She’s Canadian, Rita Mikhael. She has a label called Summer Isle, which she’s released a bunch of stuff on, but this record is on Bank. Just really incredible, grinding, certainly industrial-type rhythms. The track ‘Glass Wing’ definitely sounds like dubstep, and it has some dream pop vocals coming in. It has this wonderful evanescent quality where you’re trying to grasp a hold of it, and it feels like it’s slipping between your fingers. It’s so rare! That’s one of those that I had to sit on for a while and come back to when I stopped recording and then just listened to it nonstop. And it’s a good LP to listen to at the gym as well!
La Lisana Lah
This is a very, very recent discovery for me, just in the last couple of weeks. A Palestinian friend introduced me to Muqata’a’s work. He’s based in Ramallah, in the West Bank. My friend sent me a Boiler Room clip and she said, ‘I think you’ll like this!’ and I lost my mind! I was running around and going ‘Yeah yeah, I’m going to listen to it,’ and I played three seconds of it and I was like, ‘Oh, shit!’ I sat down and just watched this video of people losing their minds to this guy playing live. He identifies as hip-hop, and that’s the great thing about hip-hop or any genre now, everything is just so exploded.
Over the last couple of weeks, I’ve just been digging into his work. It’s so joyful, ecstatic, experimental, so cut-up and fragmented. His rhythmic chops are just insane; he turns the ratcheting effect on the hi-hat and turns them into these buzzing drones. Really definitely one of the most interesting things that I’ve heard in a long time.
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Isn’t it wonderful, that record? And just the title alone! She’s released a bunch of tapes on different noise labels, and I’ve seen her play a couple of times, tape sets, noise sets. For the release of this record, she asked me if I would play the release show at ISSUE Project Room in New York. It’s an incredible space with marble walls. I hadn’t heard this record, the live set was the first time I’d heard it. Her saxophone was just cascading off these marble walls, and I was like, ‘That was really incredible, I wonder if the record’s even going to come halfway to capturing the experience.’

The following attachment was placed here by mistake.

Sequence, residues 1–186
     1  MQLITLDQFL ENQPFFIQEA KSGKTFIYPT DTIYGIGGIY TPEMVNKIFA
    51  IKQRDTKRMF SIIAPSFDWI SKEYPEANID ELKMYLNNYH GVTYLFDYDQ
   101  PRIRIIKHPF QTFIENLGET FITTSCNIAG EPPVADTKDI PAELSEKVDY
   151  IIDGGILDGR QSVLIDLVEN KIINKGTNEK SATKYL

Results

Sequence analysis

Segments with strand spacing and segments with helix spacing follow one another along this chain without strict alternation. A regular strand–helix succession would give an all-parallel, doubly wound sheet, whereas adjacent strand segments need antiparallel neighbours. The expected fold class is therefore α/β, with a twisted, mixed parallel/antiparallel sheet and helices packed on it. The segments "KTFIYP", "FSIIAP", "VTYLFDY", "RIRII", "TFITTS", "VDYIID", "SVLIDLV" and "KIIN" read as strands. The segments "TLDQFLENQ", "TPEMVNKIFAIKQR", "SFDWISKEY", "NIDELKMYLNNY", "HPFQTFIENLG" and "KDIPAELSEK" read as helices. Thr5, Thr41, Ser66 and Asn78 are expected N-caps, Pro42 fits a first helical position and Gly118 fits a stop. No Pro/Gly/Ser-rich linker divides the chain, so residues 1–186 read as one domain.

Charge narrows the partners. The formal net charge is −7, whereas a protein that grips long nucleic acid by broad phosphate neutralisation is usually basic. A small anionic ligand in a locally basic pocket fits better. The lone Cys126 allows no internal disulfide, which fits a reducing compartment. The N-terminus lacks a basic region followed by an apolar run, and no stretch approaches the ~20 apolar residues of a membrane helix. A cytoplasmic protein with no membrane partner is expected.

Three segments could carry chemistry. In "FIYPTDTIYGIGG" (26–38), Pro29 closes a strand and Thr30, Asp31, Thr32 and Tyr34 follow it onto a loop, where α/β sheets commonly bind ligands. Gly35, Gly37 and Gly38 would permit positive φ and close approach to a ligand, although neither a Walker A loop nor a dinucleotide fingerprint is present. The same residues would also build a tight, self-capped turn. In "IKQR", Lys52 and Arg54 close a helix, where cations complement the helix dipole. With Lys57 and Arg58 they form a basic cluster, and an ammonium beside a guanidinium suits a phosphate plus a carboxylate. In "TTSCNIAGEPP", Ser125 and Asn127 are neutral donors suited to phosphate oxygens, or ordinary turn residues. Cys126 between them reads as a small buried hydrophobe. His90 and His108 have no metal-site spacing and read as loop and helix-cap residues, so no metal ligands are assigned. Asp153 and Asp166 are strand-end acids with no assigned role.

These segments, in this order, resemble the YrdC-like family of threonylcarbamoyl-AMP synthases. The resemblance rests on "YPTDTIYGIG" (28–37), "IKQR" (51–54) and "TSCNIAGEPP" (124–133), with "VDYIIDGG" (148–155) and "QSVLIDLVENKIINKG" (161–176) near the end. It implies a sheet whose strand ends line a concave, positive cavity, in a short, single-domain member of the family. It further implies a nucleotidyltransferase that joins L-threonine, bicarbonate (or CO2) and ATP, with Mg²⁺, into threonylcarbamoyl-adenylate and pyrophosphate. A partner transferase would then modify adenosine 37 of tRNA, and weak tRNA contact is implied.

And it does! She’s someone who straddles both worlds, just as comfortable in the academic/art world, the conservatory, as she is in the DIY spaces. That record, those waves of alto sax, it’s one of the most beautiful records I’ve heard in a long time. Right from the first track, ‘Patterns for Alto,’ it’s so beautiful, those undulations that she has that really just absorb you. Like the finest drone music, it puts you in a timeless space.
Cast of Mind
She’s conservatory-trained, a compositionally unparalleled person. She’s from Colorado, I think, but she’s based in Stockholm. She works in so many different mediums; her whole work is worth checking out, from her organ work to this record, that has saxophone, trombone, bassoon, clarinet, the Buchla. To me, this is like the quintessential drone record. If someone wasn’t really familiar with drone or maybe familiar with contemporary drone, let’s say, and wanted to hear something, I would point them to this record and also to Lea’s record as well. You’re like, ‘What am I hearing right now? Is that the overtones on the Buchla, or is that the overtones in the sax, the clarinet?’ Just the way that they shift, those timbral shifts, are really stunning. It’s one of those records that you can just get lost in, you can just stick it on and play it. I think I played it three times in a row one time! Like Lea, she’s just as comfortable presenting her work in a DIY space—there’s no pretension there, she’s willing to get down and dirty!